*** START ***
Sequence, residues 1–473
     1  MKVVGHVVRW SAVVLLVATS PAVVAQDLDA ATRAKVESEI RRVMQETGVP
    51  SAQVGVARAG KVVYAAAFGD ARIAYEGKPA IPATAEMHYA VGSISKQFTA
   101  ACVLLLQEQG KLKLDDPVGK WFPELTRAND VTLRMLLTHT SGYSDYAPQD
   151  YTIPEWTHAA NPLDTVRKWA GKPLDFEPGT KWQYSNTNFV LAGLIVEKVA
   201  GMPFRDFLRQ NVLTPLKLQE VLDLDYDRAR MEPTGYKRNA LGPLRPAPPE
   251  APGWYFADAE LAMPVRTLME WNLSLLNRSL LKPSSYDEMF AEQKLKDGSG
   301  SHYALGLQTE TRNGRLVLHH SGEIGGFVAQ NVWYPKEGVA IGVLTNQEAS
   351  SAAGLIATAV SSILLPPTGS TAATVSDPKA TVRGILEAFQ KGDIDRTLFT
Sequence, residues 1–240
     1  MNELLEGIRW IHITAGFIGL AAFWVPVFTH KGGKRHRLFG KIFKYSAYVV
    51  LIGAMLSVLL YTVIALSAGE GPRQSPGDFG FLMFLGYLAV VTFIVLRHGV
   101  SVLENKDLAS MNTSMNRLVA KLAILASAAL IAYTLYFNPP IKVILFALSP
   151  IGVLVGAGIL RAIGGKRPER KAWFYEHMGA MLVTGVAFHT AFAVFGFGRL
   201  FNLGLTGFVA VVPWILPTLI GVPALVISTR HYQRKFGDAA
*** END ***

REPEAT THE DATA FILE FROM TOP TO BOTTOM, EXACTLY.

Sequence, residues 1–473
     1  MKVVGHVVRW SAVVLLVATS PAVVAQDLDA ATRAKVESEI RRVMQETGVP
    51  SAQVGVARAG KVVYAAAFGD ARIAYEGKPA IPATAEMHYA VGSISKQFTA
   101  ACVLLLQEQG KLKLDDPVGK WFPELTRAND VTLRMLLTHT SGYSDYAPQD
   151  YTIPEWTHAA NPLDTVRKWA GKPLDFEPGT KWQYSNTNFV LAGLIVEKVA
   201  GMPFRDFLRQ NVLTPLKLQE VLDLDYDRAR MEPTGYKRNA LGPLRPAPPE
   251  APGWYFADAE LAMPVRTLME WNLSLLNRSL LKPSSYDEMF AEQKLKDGSG
   301  SHYALGLQTE TRNGRLVLHH SGEIGGFVAQ NVWYPKEGVA IGVLTNQEAS
   351  SAAGLIATAV SSILLPPTGS TAATVSDPKA TVRGILEAFQ KGDIDRTLFT
Sequence, residues 1–240
     1  MNELLEGIRW IHITAGFIGL AAFWVPVFTH KGGKRHRLFG KIFKYSAYVV
    51  LIGAMLSVLL YTVIALSAGE GPRQSPGDFG FLMFLGYLAV VTFIVLRHGV
   101  SVLENKDLAS MNTSMNRLVA KLAILASAAL IAYTLYFNPP IKVILFALSP
   151  IGVLVGAGIL RAIGGKRPER KAWFYEHMGA MLVTGVAFHT AFAVFGFGRL
   201  FNLGLTGFVA VVPWILPTLI GVPALVISTR HYQRKFGDAA